Government-Sponsored Patent Entities, A New Form Of “Protectionism”?

The American economy depends on small businesses to create jobs and contribute to the economy now more than ever before. Small businesses create two-thirds of jobs in the U.S. Economic policies should place a high priority on allowing small businesses to grow and create jobs and opportunities for all.

The American economy thrives only when unwieldy government intervention into the free market is minimized. Such intervention comes in all forms and the culprit is not always American nor is the intrusion always of a regulatory nature.

American Hispanics start small businesses at a rate three times higher than the general population. Economic growth is the most effective path to prosperity for ‘underserved’ populations.

— Mario H. Lopez

Much attention has recently been given to private patent assertion entities (PAEs), also referred to as patent trolls, which are entities that don’t produce anything but own intellectual property like patents and make money from enforcing infringement suits and collecting royalties. American inventors, innovators, and entrepreneurs should be concerned about PAEs because they have the potential to stifle American innovation and economic growth with costly litigation attacks, potentially based on frivolous claims.

There is growing concern in Washington that foreign government-owned and controlled PAEs provide unfair anticompetitive advantages to the nations that chose to create them. Because these PAEs are government-sponsored, they not only favor companies in their respective countries, but they have additional capital to direct toward ‘trolling’ activities.

There are multiple government-sponsored PAEs that should be of concern, including the quasi-government agency Industrial Technology Research Institute (ITRI) in Taiwan, which recently announced plans for the IP bank saying it could be similar to other, private, patent aggregators. Currently ITRI holds 18,546 patents and asserts that it will help facilitate litigation to enforce the exclusiveness of patents. In 2010, ITRI filed a complaint against a major international brand in the US District Court.

Similarly, the Innovation Network Corporation of Japan (INCJ) and Intellectual Discovery (Korea) exist to promote companies and innovations from their home countries, respectively, and actively seek out infringements from foreign businesses.

INCJ draws funding, management, and expertise from both private and public sectors. It is capitalized at 280 billion yen, with the Japanese government funding 266 billion yen and 27 private corporations funding an additional 14 billion yen. INCJ’s business and investments are overseen by the Ministry of Economy, Trade and Industry of Japan.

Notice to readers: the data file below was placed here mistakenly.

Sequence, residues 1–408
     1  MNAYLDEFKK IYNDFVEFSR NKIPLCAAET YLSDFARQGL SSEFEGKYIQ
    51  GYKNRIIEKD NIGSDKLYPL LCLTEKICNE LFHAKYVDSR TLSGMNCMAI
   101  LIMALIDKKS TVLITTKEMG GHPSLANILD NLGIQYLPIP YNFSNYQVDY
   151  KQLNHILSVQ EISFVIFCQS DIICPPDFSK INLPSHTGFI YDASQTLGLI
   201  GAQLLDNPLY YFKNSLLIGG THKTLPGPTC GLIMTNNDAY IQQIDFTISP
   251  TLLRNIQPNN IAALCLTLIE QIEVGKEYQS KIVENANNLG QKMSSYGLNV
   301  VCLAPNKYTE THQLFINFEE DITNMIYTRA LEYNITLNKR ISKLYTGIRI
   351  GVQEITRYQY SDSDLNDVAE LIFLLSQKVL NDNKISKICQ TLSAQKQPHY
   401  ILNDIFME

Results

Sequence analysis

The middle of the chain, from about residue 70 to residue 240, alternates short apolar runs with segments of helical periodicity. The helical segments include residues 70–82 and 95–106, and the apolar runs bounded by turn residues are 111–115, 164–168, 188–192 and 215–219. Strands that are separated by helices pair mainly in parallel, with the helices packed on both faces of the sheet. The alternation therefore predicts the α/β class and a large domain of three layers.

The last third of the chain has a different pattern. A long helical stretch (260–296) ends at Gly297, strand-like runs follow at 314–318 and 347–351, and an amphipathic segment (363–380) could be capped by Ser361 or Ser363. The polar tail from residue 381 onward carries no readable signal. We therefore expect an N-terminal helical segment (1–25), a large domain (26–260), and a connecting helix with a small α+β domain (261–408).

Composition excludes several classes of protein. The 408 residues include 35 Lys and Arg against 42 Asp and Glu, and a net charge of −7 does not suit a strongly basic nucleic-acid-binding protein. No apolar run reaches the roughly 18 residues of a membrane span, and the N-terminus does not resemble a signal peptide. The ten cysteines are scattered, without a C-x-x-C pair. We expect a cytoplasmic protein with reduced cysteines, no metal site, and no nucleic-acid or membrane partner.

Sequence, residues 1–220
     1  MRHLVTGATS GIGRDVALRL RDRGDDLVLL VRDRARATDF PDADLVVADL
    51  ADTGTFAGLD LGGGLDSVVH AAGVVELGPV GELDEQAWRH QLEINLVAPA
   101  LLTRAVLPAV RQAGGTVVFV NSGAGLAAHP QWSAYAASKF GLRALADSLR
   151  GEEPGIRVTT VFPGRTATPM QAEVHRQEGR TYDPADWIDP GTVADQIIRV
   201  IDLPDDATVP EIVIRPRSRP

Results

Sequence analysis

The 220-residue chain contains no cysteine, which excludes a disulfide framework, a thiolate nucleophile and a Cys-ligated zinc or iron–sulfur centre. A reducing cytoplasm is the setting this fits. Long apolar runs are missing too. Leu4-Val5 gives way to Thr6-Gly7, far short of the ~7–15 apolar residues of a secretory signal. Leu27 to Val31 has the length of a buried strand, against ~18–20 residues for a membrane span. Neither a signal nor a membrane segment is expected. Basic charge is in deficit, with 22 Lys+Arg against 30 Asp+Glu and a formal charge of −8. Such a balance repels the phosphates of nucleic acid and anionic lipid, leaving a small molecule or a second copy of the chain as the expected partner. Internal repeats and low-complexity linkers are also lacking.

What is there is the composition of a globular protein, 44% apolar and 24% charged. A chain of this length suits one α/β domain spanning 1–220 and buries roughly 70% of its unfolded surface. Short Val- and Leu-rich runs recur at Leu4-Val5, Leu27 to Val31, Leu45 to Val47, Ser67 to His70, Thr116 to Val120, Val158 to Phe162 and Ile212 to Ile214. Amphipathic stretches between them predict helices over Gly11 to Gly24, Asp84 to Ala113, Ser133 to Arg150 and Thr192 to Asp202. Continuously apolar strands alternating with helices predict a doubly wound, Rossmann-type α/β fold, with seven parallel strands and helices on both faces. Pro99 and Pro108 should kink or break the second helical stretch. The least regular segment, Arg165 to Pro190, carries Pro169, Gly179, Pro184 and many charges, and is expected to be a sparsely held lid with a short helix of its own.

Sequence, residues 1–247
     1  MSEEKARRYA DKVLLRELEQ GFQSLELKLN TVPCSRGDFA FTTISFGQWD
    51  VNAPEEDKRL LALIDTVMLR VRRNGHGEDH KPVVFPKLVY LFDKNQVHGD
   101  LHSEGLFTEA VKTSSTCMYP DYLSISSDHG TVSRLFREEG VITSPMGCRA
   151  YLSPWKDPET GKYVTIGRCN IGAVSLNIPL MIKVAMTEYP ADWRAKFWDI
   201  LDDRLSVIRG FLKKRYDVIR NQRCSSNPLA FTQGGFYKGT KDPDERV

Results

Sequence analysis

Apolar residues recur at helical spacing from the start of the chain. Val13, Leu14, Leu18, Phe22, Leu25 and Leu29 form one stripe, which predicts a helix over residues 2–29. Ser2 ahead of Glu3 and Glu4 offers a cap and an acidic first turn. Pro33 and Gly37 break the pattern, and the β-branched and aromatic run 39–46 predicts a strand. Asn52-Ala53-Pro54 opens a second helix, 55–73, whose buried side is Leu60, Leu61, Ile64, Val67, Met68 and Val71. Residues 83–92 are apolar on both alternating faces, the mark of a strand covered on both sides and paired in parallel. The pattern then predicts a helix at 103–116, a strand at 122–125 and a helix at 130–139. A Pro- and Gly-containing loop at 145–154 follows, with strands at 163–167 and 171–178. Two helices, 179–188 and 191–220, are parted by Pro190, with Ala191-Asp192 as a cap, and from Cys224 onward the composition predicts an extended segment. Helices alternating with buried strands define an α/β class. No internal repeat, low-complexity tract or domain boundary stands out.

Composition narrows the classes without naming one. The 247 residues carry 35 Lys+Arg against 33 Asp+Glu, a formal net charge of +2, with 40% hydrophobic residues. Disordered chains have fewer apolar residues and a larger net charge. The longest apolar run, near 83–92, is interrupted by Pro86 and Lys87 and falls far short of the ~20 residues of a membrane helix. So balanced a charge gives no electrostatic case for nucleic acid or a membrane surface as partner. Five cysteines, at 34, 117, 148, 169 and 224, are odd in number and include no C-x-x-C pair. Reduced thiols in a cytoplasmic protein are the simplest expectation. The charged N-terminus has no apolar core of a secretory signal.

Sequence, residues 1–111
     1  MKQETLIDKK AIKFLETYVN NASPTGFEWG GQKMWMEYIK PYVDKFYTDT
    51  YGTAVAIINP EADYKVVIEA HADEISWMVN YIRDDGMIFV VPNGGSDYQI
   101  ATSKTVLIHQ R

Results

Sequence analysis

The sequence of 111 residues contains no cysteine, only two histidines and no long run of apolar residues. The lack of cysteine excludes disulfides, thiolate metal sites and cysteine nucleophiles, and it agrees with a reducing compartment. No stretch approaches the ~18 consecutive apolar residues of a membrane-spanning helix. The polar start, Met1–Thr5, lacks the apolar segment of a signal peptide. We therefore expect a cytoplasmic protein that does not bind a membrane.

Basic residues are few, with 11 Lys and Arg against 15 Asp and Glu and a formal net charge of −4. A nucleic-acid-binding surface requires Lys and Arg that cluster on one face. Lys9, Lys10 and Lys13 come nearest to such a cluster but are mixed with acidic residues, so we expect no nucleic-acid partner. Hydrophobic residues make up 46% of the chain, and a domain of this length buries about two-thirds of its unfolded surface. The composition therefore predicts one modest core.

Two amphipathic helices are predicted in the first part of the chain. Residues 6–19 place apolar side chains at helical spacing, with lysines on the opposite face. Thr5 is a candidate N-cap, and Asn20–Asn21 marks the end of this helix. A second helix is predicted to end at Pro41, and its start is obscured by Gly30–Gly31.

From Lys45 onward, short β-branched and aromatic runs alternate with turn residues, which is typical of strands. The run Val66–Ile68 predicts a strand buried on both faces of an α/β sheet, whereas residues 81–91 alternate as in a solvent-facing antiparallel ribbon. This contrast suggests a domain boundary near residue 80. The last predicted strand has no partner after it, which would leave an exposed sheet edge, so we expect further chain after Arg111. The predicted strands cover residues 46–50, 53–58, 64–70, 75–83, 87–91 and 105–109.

Intellectual Discovery is structured similarly and purchases patents to help domestic technology firms with patent licensing.  To date, it has purchased more than 200 U.S. patents. Congressman Peter DeFazio of Oregon called government-sponsored patent entities a new form of “protectionism” and a “whole new level of jeopardy.”

A threat to job creation and incubation and economic growth, particularly during a time of recovery, is one that we should take seriously, especially one that threatens to hurt small businesses that flourish not only due to the American entrepreneurial spirit but also due to our creative minds and innovative nature.

Small business is not only the engine of our country’s economic growth, it is also a key factor in the economic progress of growing demographics. American Hispanics start small businesses at a rate three times higher than the general population. Economic growth is the most effective path to prosperity for ‘underserved’ populations.

Decisions, regulations, and policies that address how these ideas are protected have direct impact on the ability for American businesses, both small and large, to prosper, create jobs, and contribute to America’s economic success in an ever-globalized market place.

Americans work hard and innovate as well, if not better, than any other country. Government-sponsored PAEs threaten to dissuade our hard work by choosing to sue our innovators rather than competing against them.  Simply put, this stands against our principles of free market and competition.

We write on behalf of all businesses and innovators to be aware of and not fall victim to PAEs, particularly those working with interests of foreign countries at the root of their intentions.